Brown Hydrangea Leaves

June 4, 2008 | By | Comments (12)

Hydrangeas
Q: I live in Houston, TX and I have a few summer blooming hydrangeas planted in my front flower bed (which faces north). Some of them are browning on the leaves (even though they get water every day) and some are doing fine. Do you have a good tip for keeping them alive during the hot summer? I also have a bunch of Lily of the Nile. What is a good fertilizer for them? Melissa Comer

A: Hi Melissa,
You might want to check your hydrangeas for spider mites. These tiny pests usually congregate on the undersides of hydrangea leaves when it gets hot. They look like tiny red or brown specks, they move when touched, and they build tiny webs. They suck the juice from the leaves and cause them to bronze, brown, or look speckled. You can treat them by spraying all leaf surfaces with insecticidal soap or horticultural oil according to label directions. As for your lily-of-the-Nile, feed with a slow-release, bloom-booster fertilizer, such as 10-20-10 or 15-30-15. The ratio of nitrogen-phosphorus-potassium should be 1-2-1.
Good luck,
Grumpy

Q: Good Morning –
I found your email address while viewing Southern Living online and going to the garden section. I read with interest about when to prune my butterfly bushes. Thanks!

I have a common question concerning my hydrangeas blooming pink instead of blue. I purchased them while they were blooming and they were blue.

I know it is all about the soil — acid for blue blooms — I have watered them with aluminum sulfate — and they continue to bloom light pink.

Question 1 — Am I using the correct product — if so, how often do I water with this and when do I begin?

Quesion 2 —When do I prune my hydrangeas so I can be assured of blooms the following year?

Thanks for you time and I look forward to hearing from you.
Lavonda

A: Hi Lavonda,
Because your hydrangeas were blooming blue when you bought them and have now turned pink, I would guess you have somewhat alkaline soil. Making the soil acid will take time. You probably won’t see a difference this year. Repeat the applications of aluminum sulfate a couple of more times, but don’t overdo it, because too much aluminum in the soil isn’t good for plants. You could also apply garden sulfur to the soil surface around your plants and water it in. And if you’re a ground coffee drinker, save the grounds and spread them on the soil around your plants to acidify it. Once your hydrangeas start blooming blue, you may have to repeat the application of sulfur every couple of years to keep them that way.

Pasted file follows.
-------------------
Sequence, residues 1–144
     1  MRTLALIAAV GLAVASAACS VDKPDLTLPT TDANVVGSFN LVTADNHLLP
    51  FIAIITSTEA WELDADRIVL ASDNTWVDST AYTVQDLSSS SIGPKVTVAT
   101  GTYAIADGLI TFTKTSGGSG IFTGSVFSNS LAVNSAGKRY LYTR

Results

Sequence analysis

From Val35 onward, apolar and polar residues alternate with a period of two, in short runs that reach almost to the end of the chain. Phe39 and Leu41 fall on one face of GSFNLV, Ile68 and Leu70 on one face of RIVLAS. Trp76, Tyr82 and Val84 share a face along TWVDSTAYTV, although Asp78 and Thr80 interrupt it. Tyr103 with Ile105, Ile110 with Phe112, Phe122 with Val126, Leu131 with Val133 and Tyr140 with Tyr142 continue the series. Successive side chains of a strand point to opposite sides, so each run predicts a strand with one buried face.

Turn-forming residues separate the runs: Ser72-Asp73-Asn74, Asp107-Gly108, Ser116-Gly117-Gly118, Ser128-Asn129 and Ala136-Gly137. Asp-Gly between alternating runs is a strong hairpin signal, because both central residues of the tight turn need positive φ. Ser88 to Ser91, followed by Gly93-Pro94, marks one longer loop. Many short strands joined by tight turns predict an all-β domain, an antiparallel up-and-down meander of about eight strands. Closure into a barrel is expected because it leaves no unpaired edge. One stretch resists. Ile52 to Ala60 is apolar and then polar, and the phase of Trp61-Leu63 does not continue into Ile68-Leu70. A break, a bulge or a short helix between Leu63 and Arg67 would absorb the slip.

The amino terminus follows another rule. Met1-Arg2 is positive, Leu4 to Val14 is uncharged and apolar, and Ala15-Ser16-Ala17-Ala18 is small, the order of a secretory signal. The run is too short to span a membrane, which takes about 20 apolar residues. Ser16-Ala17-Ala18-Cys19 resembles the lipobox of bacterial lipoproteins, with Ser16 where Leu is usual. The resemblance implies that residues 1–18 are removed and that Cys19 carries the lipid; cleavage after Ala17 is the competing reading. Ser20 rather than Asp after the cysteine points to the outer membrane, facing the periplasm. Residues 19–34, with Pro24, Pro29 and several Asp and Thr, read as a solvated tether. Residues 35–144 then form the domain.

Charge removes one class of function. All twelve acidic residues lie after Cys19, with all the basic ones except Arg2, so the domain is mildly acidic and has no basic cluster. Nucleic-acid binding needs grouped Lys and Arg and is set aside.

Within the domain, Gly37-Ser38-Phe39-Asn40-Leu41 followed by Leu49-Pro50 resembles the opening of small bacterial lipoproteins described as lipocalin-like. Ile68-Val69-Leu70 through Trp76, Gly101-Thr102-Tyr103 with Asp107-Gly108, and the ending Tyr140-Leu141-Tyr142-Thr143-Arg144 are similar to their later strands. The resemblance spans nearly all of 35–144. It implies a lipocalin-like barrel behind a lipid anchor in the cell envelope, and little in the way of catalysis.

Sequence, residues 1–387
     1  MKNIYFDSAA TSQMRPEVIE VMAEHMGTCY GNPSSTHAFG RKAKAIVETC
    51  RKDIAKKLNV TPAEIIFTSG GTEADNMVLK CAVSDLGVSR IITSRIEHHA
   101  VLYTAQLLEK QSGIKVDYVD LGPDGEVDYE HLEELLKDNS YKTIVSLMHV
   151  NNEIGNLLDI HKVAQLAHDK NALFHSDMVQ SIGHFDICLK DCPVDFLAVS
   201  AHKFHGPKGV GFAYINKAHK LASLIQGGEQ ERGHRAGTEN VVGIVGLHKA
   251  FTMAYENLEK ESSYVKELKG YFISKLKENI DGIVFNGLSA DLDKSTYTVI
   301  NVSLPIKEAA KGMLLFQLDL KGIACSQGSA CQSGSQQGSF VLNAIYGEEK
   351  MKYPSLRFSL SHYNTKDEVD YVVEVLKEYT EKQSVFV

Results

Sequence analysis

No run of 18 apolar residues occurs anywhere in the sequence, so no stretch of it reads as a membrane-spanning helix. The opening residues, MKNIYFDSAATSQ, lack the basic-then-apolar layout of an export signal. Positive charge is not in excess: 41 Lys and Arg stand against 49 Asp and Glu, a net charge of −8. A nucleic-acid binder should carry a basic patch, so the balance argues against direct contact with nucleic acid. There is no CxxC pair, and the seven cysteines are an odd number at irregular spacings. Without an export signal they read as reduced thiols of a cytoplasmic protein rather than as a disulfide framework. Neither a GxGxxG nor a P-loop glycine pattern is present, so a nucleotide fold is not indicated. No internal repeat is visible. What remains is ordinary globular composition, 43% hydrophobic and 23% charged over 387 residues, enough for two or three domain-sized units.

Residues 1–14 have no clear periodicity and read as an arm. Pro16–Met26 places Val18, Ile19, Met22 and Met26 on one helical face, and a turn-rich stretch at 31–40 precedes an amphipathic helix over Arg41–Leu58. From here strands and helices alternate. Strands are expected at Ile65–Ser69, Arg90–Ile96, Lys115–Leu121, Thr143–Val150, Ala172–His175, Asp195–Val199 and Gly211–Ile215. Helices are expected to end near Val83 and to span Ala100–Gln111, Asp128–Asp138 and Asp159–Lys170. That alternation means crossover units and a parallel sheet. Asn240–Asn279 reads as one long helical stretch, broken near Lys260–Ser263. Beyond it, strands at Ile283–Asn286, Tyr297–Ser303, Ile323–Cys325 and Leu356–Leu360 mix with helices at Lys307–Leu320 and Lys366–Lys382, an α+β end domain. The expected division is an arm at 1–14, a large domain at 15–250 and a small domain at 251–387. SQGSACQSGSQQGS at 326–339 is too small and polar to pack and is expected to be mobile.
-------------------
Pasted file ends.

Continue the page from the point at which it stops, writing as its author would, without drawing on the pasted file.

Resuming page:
Grumpy

COMMENTS

  1. Carolyn

    Grumpy Gardener,
    Please tell us how and when to fertilize hydrangea.

    July 24, 2008 at 5:46 pm
  2. Grumpy

    Let the Grump say a few well-chosen words about fertilizer. For years, we gardeners have been brainwashed into thinking we can’t grow anything with fertilizing it. After all, corn farmers feed their corn, don’t they? Cotton farmers feed their cotton, don’t they? So don’t we have to feed azaleas, hydrangeas, and marigolds too?
    The reason corn and cotton farmers have to fertilize each year is that growing and harvesting the same crop from the same spot each year depletes the nutrients.
    But we don’t harvest hydrangeas and azaleas, do we? Therefore, as long as we build good, well-draining soil, and add organic matter every year, we don’t need to fertilize our ornamental plants every time we step out of the door.
    A couple of caveats — if your soil is neutral or alkaline and you want to grow an acid-loving plant like an azalea, you will need to use an acid-forming fertilizer or soil amendment. You’ll also need to acidify the soil if you’re trying to turn pink hydrangea blooms blue.